“This will be a shock to your literary work,” said old Mr Blake to the widow, finding her sitting alone in meditation.

She considered him. She spoke quite calmly, but with an effect of relieving her mind of something that had been there too long. “No harm now in telling you that I don’t do literary work. He put that about. Amour propre. He had his pride, you know. He just hated to think I was a pirate dressmaker working myself to the bone with a roomful of hussies. That’s what I am, you know, He was sensitive — in that way. That’s all over now, and his feelings can’t be hurt any more.”

“I thought —” began old Mr Blake.

“No. I guess you guessed. Now I can go off to Torquay and run a decent business. I’ve always had a feeling for Torquay.”

“Why couldn’t you have done that before?”

“Because it wouldn’t have paid enough, and He would have insisted on mixed bathing when He was tight and getting into trouble in the water, and also, you know, He’d have had to have a season ticket to run up to London.”

She sat quite still for a moment and then shrugged her shoulders. “But why talk about these things now?”

Old Mr Blake turned that over in his mind and remarked afterwards to Edward Albert, since at the moment there was no one else to make his remark to: “That Mrs Thump is a pretty hard woman. Pretty hard. Very likely he didn’t succeed because she discouraged him. If only she’d believed in him more and shown it.”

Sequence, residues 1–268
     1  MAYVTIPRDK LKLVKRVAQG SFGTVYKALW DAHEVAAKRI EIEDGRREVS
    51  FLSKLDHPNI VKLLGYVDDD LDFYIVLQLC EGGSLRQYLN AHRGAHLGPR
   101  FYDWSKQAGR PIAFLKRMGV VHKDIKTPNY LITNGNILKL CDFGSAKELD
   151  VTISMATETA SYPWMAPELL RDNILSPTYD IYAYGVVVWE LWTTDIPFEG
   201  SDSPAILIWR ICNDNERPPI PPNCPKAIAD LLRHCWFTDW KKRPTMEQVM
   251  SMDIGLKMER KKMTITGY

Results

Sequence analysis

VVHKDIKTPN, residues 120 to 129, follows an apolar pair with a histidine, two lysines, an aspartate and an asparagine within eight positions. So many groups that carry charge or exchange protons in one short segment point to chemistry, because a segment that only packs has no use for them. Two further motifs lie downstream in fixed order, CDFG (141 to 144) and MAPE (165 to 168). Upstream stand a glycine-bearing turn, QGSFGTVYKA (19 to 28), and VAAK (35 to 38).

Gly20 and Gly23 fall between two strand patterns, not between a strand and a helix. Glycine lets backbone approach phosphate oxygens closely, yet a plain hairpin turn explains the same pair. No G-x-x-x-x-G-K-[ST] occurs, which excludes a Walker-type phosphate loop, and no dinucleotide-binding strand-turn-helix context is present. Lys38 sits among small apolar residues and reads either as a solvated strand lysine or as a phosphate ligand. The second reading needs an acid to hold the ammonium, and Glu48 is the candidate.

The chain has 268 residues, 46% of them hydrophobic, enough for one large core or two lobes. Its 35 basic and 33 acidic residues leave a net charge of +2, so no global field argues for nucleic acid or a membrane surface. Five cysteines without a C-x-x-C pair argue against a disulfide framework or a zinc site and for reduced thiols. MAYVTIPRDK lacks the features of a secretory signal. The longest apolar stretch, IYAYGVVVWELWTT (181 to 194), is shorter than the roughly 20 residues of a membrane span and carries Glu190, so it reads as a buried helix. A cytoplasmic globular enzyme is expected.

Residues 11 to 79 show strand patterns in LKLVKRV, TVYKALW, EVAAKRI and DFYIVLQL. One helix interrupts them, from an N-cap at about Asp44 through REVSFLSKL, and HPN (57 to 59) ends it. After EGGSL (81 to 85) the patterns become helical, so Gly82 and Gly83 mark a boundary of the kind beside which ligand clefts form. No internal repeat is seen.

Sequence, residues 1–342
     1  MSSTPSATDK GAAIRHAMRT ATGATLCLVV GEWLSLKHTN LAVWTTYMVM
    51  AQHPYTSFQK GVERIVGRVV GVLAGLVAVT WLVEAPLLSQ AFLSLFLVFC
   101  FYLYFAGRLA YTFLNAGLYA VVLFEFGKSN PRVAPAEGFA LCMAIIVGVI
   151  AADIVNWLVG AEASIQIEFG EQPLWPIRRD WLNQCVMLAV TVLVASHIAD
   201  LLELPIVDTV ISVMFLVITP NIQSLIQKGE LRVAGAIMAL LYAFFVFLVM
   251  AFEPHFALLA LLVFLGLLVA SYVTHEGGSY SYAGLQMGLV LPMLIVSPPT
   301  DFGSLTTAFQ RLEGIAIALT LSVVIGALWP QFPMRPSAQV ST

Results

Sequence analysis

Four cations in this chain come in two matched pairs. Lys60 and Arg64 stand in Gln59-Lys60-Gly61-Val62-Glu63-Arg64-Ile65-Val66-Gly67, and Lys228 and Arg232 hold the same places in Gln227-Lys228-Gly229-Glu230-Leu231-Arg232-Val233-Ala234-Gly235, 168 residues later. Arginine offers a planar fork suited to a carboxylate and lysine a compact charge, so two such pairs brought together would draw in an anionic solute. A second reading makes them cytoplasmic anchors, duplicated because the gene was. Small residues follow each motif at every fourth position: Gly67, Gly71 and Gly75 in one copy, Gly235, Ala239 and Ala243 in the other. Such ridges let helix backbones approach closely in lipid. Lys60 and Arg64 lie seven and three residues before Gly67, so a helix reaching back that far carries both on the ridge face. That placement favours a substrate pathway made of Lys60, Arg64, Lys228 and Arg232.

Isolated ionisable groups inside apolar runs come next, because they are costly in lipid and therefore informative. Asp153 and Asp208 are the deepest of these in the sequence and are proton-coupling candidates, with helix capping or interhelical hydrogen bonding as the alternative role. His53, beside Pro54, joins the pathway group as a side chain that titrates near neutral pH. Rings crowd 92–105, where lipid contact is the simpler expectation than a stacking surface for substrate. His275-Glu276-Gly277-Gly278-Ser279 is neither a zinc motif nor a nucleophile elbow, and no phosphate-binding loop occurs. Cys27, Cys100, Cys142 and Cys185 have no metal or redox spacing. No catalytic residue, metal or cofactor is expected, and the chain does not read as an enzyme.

“I don’t think she ought to have him cremated,” said Edward Albert. “I will say that. . . . ”

The more old Mr Blake thought over his relations to Harold Thump, the more they were transmuted from something very like hostility to profound understanding and affection. How good we can be to the dead! How easily and unwittingly they become our allies! We can quote things they never said in praise of us. Old Mr Blake knew what it was to be frustrated and pushed aside by inferior people — only too well. Harold Thump too, if he had had his proper opportunities and his proper support might have been a really very great man. But that hard woman had been too much for him.

A misogyny natural to old bachelors certainly influenced this judgment, which first he tried out on Edward Albert and then on other suitable listeners. Before she departed, Mrs Thump was under a shadow. It was felt that she had failed in her wifely duty and even perhaps deliberately dragged down this great man and had never really understood.

A certain callousness in her, to give it no harsher word, enabled her to disregard the one or two attempts that were made to convey these ideas to her.

After the cremation, Gawpy allowed the house to relax. Harold Thump became an exhausted topic almost at once. Mr Blake kept a faint glow of disapproval alight about Mrs Thump, until first she and then he departed. Nobody talked about the Thumps any more after that, and by degrees Doober’s was filled by a new generation of boarders that knew not Harold. New jokes arose and established themselves and prevailed; new voices bellowed in the bathroom. . . .

So it was that the Thumps and Mr Blake followed Mr Frankincense and the others out of Edward Albert’s World and were replaced by others to whom he could present a firmer countenance.

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Last updated Tuesday, March 4, 2014 at 12:30